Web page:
1 Materials and Methods

1.1 Study area

The site “El Faro” is located 24 km west of the common land known as Conquista Agraria, at N23 57.351 and W110 52.437. The study area is located 524 m north of El Faro, from N23 57.553 and W110 52.654 to N23 57.622 and W110 52.705 (Figure 1).

 

 

Figure 1 Geographic location of the sampling sites of fish species sampled in Conquista Agraria Baja California Sur, Pacific coast

 

From January to December 2015, monthly samplings were performed in the intertidal zone during full moon days. Visual censuses of fish were performed using transects of 156*5 m. 145 tide pools were recorded and divided in three groups (small: 2 m2, medium: 4 m2 and large: 7 m2) according to size and depths that ranged from 20 to 45 cm. Tide pools are located 122 cm above sea level. To determine structure of the fish community the following ecological indices were used: species richness (SRI); evenness (J’); Shannon-Wiener’s diversity (H’); Fisher’s alpha (α-Fisher); dominance (Biological value Index-BVI) which is an indicator of the general dominance by species (Sander, 1960). It is recommended to use 95% of the relative abundance of individuals per sample to eliminate data lacking relevant information (Loya-Salinas and Escofet, 1990). Finally, considering their relative abundance and occurrence, species were classified as abundant, frequent, common and rare. Physicochemical variables (temperature, salinity and dissolved oxygen) were recorded using a YSI 2030 Pro multiparameter instrument. Ecological indices were analysed using the software Primer-E & Permanova 6 and statistical analysis was performed using Statistica v.7. Species identifications were carried out using specialized literature (Meek and Hildebrand, 1923-1928; Zahuranec, 1967; Miller and Lea, 1976; Whitehead, 1985; Whitehead et al., 1986; Fischer et al., 1995; Allen and Robertson, 1998; Thomson et al., 2000).

 

2 Results

2.1 Physicochemical variables

Temperature of the water trapped in the tide pools showed greater variation. Mean temperature was 28.18°C, with significant differences between months (p<0.05). September was the warmest month (32.64°C), followed by August and October (32.53°C and 32.43°C, respectively). The coldest month was January (24.30°C) (Table 1). Comparing between tide pools of different size and depths, there were no significant differences of temperature (p=0.97). The overall mean salinity was 30.31 UPS, with significant differences between months (p<0.05). Highest salinity was recorded in September (32.3 UPS) and the lowest was recorded during April (27.56 UPS) (Table 1). Comparing between tide pools of different size and depths, there were no significant differences of salinity (p=0.33). Overall dissolved oxygen of the water trapped in the tide pools was 10.21 mg/L (Table 1). There were no significant differences between months (p=0.48). Comparing between tide pools of different size and depths, there were no significant differences of dissolved oxygen (p=0.26).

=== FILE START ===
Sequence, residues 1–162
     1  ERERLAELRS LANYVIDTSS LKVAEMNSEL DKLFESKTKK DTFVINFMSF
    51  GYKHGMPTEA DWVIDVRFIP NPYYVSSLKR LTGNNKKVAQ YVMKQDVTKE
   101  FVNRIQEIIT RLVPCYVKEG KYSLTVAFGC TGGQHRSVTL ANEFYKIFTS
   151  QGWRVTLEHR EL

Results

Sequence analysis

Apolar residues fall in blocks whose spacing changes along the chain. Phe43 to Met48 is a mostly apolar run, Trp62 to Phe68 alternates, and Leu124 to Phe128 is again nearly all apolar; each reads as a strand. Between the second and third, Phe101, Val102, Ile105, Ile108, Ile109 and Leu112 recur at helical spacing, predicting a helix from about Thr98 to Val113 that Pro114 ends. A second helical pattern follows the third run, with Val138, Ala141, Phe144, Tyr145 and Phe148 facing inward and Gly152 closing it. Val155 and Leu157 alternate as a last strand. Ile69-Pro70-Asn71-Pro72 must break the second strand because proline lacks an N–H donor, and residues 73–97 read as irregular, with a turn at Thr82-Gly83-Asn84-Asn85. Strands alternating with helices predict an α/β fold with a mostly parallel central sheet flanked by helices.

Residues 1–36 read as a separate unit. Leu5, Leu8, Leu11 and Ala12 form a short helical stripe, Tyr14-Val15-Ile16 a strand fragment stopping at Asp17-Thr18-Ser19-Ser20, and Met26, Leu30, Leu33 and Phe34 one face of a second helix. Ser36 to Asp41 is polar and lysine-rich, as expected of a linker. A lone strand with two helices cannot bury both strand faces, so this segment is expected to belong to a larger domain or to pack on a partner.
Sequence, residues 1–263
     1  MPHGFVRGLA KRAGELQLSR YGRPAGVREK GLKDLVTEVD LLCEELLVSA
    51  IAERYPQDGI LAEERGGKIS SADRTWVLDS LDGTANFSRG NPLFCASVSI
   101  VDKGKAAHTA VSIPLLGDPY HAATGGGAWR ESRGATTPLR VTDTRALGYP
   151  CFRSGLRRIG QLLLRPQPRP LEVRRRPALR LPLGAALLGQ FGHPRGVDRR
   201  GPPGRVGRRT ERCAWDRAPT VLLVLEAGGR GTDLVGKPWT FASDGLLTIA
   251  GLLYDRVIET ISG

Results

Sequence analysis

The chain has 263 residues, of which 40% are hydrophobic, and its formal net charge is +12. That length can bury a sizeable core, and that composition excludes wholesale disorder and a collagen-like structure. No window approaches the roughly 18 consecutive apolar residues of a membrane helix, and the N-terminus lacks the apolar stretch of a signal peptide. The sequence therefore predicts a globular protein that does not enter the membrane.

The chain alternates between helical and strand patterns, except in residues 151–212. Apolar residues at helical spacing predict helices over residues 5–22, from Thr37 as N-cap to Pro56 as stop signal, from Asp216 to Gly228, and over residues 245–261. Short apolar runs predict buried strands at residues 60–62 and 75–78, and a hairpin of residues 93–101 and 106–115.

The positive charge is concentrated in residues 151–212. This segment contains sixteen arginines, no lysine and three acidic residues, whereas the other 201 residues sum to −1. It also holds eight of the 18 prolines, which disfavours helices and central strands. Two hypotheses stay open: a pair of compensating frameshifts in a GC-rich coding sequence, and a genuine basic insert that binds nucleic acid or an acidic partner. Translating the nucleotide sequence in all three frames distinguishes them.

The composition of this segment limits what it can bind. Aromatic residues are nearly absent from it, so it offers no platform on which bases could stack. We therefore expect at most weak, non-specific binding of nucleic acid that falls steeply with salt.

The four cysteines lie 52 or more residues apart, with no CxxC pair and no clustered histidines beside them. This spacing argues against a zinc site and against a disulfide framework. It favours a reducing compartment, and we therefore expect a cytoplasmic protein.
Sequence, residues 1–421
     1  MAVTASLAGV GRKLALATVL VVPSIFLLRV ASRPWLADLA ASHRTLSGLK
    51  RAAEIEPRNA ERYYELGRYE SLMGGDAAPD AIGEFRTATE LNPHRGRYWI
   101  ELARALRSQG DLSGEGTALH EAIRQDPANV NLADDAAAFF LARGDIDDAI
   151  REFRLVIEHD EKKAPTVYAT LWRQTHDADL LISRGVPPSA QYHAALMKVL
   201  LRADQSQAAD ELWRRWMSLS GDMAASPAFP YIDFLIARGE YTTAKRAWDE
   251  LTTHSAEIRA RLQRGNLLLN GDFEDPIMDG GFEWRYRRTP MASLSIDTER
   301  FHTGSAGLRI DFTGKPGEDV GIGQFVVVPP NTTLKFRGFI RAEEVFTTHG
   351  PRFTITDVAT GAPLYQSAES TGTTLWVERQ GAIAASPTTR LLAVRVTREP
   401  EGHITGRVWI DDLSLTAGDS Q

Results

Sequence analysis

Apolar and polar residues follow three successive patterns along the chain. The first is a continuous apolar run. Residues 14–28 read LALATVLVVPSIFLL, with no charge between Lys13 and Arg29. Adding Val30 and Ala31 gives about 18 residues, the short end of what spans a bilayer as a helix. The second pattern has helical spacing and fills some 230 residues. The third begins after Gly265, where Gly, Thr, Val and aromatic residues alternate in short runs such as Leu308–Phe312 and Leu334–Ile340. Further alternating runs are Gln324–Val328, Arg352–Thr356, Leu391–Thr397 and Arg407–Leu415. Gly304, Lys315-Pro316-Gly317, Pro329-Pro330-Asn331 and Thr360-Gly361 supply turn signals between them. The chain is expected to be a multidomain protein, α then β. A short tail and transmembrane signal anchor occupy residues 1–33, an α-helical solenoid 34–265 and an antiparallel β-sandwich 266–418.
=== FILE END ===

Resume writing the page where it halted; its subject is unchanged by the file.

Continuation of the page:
Table 1 Physicochemical variables: temperature (T°C), salinity (Sal. UPS), dissolved oxygen (DO), and community structure values: species richness (SR), evenness (J’), Shannon-Wiener’s diversity (H’) and Fisher’s alpha diversity (α-Fisher), recorded at tide pools of the intertidal zone at El Faro, Conquista Agraria, Baja California Sur, México

 

2.2 Community structure

A total of 3,754 organisms from 22 species, 12 families, four orders and one class were recorded and distributed in the tide pools as follows: 85 small tide pools (1,914 organisms), 48 medium tide pools (1,314 organisms) and 12 large tide pools (526 organisms).

 

Margalef’s species richness (SRI) showed significant differences (p<0.05) (Margalef, 1969). April and July recorded the highest values (3.56 and 3.53, respectively), and the lowest values were recorded during December and February (1.66 and 2.20, respectively) (Table 1). Considering the size of the tide pools, there were no significant differences (p=0.216).

 

There were also significant differences (p<0.05) of evenness recorded each month. September showed the highest value (0.95), and January showed the lowest value (0.81) (Table 1). Considering the size of the tide pools, there were no significant differences (p>0.05).

 

Shannon-Wiener’s diversity (H’) mean value was 3.20 bits/ind. There were significant differences (p<0.05) between months, with April showing the highest H’ value (3.66 bits/ind.), and December showing the lowest value. There were no significant differences when comparing between different size tide pools. Fisher’s alpha was also used as a diversity index because it includes rare species and has higher biological significance. Its mean value was S=5.15. April registered the highest value (S=7.16), and December had the lowest value (S=2.89). There were significant differences between months and size of tide pools (p<0.05) (Table 1).